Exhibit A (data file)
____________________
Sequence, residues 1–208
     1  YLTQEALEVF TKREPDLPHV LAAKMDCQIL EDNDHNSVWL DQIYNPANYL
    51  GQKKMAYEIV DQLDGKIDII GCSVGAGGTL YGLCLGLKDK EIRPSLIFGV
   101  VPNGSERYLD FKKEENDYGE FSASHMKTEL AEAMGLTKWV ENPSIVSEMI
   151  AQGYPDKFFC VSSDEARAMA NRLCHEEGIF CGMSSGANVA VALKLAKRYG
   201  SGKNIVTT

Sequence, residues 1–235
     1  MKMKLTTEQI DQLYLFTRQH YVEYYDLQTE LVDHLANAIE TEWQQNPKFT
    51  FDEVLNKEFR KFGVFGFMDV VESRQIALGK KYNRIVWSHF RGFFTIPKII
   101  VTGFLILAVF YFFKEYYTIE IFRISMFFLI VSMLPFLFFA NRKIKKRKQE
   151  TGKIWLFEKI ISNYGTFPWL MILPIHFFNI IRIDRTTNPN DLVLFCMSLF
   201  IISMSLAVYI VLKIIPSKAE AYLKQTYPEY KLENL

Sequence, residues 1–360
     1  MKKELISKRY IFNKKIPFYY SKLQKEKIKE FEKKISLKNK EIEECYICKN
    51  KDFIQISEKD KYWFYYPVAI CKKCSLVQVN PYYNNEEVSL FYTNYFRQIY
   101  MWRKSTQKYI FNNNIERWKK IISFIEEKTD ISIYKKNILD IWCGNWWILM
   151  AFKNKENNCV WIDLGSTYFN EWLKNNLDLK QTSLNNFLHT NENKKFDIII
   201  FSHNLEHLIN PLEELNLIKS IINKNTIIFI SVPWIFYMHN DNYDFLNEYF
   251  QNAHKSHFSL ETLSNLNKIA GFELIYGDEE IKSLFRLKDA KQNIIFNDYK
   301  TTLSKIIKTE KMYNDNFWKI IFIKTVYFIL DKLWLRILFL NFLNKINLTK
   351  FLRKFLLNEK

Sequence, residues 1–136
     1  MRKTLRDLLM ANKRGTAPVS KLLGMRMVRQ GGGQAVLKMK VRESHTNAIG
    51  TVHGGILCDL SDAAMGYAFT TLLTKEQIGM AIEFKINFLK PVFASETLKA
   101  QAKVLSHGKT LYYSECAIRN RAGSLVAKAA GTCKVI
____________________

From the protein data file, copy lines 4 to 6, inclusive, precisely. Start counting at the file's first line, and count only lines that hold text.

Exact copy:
   101  VPNGSERYLD FKKEENDYGE FSASHMKTEL AEAMGLTKWV ENPSIVSEMI
   151  AQGYPDKFFC VSSDEARAMA NRLCHEEGIF CGMSSGANVA VALKLAKRYG
   201  SGKNIVTT